The trouble was, once we arrived in Toronto (see Journal: Toronto) to board our train, it looked nothing like what I had imagined. Surely this couldn’t be considered a stand-in for the Orient Express! There appeared to be nothing particular about this train, but hey, it wasn’t at all bad and our service and tiny stateroom with its double bunk arrangement, along with excitement of the journey, was just novel enough to distract us for the first day.
On day two, as we collected long, long hours riding through Canadian prairies (three provinces of prairies!) a bit of discontent started mounting. When the lady in the berth adjacent to ours began smoking all day and coughing all night (her discontent had obviously mounted, too!) we began seriously questioning our choice of transport. By the time we got to Jasper we had had quite enough of the train and were so happy to step off into the pristine mountain air for a few days. (See journals entry: Jasper: Don’t Feed the Bears.)
The food on board was really tasty, better than you’d expect on a train, and it was the main reason that I still hadn’t caught on that I’d been sold a ticket on the wrong line! After all, the three nights on the train including meals (naturally, what are the alternatives here?) was the price of a luxury cruise, which qualifies as comparable to the Orient Express in at least one category -- wildly expensive.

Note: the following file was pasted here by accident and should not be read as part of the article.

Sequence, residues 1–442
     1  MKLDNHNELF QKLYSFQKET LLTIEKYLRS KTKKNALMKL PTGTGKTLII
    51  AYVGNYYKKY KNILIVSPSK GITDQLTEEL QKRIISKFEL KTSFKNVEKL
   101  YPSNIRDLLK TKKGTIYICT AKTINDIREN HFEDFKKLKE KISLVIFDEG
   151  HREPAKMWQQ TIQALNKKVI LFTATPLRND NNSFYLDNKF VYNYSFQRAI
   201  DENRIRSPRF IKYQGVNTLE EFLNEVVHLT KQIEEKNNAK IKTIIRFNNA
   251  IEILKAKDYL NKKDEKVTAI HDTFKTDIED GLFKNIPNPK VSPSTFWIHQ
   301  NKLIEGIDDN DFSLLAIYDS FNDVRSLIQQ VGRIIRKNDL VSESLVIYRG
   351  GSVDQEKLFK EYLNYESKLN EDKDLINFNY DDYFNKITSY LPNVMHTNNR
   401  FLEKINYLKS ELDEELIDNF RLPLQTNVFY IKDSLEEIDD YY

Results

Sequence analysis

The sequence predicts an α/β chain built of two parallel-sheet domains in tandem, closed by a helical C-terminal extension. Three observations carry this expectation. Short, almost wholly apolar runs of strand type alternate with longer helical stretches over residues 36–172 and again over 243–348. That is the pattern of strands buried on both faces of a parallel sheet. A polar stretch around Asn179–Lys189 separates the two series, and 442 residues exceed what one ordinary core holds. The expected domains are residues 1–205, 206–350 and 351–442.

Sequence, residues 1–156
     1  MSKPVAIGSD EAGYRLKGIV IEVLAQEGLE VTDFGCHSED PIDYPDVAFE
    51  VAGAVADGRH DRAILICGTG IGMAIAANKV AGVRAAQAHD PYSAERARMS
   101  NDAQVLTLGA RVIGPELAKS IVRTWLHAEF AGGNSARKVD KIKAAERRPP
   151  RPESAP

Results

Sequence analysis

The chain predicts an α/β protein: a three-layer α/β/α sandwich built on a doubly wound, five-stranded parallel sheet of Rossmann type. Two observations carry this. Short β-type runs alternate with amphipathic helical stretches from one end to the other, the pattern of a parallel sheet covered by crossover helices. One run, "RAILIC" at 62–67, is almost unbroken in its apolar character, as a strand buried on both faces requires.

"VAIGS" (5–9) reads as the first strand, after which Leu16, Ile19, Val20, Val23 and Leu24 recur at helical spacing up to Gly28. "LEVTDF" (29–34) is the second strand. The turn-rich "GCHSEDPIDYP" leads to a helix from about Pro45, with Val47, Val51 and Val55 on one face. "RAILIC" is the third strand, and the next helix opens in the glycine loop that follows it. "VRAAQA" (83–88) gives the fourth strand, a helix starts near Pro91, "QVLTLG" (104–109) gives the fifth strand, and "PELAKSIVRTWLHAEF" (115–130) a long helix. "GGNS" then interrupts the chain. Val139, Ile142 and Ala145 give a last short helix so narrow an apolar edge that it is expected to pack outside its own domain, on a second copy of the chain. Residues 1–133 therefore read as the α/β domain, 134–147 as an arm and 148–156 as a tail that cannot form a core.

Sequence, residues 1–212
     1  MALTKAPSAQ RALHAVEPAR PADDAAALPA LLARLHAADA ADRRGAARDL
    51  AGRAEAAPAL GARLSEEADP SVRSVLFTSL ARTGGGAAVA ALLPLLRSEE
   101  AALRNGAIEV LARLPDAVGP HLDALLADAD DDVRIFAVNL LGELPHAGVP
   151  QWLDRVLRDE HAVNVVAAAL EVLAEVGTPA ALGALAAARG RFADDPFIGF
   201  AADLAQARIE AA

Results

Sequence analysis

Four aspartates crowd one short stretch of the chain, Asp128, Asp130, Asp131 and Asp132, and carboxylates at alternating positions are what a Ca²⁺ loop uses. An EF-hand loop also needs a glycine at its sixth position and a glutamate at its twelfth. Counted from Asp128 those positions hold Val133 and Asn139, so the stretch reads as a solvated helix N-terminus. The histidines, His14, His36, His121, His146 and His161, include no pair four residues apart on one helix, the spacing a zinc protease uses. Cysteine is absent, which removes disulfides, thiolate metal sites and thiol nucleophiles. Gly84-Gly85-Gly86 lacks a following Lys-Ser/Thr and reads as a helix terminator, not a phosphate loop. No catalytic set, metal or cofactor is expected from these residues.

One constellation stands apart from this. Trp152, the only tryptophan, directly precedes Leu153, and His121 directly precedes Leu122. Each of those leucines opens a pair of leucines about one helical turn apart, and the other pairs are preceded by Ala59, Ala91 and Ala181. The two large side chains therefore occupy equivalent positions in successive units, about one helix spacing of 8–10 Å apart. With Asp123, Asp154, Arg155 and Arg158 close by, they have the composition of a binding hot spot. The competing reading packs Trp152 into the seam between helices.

It wasn’t until we arrived in Vancouver (see Journals Vancouver and Victoria) that we actually saw the Royal Canadian on the tracks adjacent to ours and realized my big mistake. Peering inside the windows like kids who’d found the candy store locked up, we spied the lush furnishings; floral arrangements, wood paneling, a grand piano in the club car. I found out for certain, now, having dragged my husband across Canada not on the vintage, restored, "grandeur of yesteryear’s robber baron" luxury berths that I’d sold him on, but rather on the plain, old, tight quartered, smells-from-the-next-room, trickle-of-a-shower confinement for which we had paid an arm and a leg! See www.viarail.ca
Even so, I’m glad we had this experience and would still like to try the real Royal Pacific Canadian Rocky train, but I doubt my husband will be willing to risk it again. I think I’ve already used up my rail travel trump card on him.
by smmmarti guide
February 27, 2002
From journal Journey Across Canada via Rail